Picking up your baby, you discover he has left you a “surprise” in his diaper. You go to change him, but when you open up that Pampers or Huggies covering, you find yourself faced with a bowel movement that looks different from previous ones. When you’re preparing for or rearing a newborn, especially if it’s your first child, there are a lot of concerns to think about, and you may have questions regarding those concerns that need to be answered. One of those concerns is probably whether your baby’s bowel movements are normal.
Many newborns will have their first bowel movement, which will typically be dark, sticky, and tar-like, soon after they’re born. A baby’s first bowel movement is called meconium and consists of materials ingested while the infant was in the mother’s uterus. If the newborn fails to pass meconium within the first few days of life, he should be taken immediately to a pediatrician to be checked for Hirschsprung’s disease. This disease “occurs when some of the nerve cells that are normally present in the wall of the intestine do not form properly during fetal development” (Cincinnati Children’s Hospital Medical Center) and this results in partial or complete bowel obstruction because normal stool movement cannot occur. However if the newborn passes meconium, the following bowel movements depend on the child’s diet.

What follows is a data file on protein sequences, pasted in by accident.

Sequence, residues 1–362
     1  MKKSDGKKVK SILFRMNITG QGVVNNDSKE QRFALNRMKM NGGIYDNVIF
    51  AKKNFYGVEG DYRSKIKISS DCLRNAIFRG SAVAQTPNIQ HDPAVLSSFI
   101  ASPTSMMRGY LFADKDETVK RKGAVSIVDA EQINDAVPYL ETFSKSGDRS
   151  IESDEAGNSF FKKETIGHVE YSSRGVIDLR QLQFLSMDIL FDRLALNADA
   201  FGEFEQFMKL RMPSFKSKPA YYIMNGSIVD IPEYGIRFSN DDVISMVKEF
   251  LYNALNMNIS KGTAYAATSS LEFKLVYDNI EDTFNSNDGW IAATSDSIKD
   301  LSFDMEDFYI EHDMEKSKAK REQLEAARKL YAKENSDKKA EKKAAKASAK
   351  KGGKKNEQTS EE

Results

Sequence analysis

How subsequent bowel movements look and smell depends upon the infant’s diet. If the newborn is breastfed, the stools will be almost liquid, though not watery like diarrhea, will resemble small curds, and will usually be less smelly than a bottle-fed baby’s bowel movements. Newborns that are bottle-fed will have firmer and larger stools than those of a breast-fed baby and the appearance of the stools will alter depending on the formula brand you choose to feed the infant. Breastfed babies will have bowel movements almost every time they nurse, while bottle-fed babies will pass fewer stools, about once or twice a day. For both breastfed and bottle-fed infants the color of the stool will range from yellow to brown and may even be green.
A newborn’s bowel movements, however, do not necessarily have to follow what is typical among most. A baby’s bowel movements can change from one day to the next and can be very different from one baby to another. Some babies may even go a couple of days before having a movement and be perfectly healthy. If the stools exhibit, though, blood or a red coloration, whiteness, mucus, or you’re just concerned about your infant’s bowel movements, seek a healthcare provider. Otherwise, as long as the newborn’s stools are soft, everything is probably okay.
Hirshsprung’s Disease, Cincinnati Children’s Hospital Medical Center
Meconium – Overview, University of Maryland Medical Center
Parentpedia, Baby Bowel Movements, Disney Family Parenting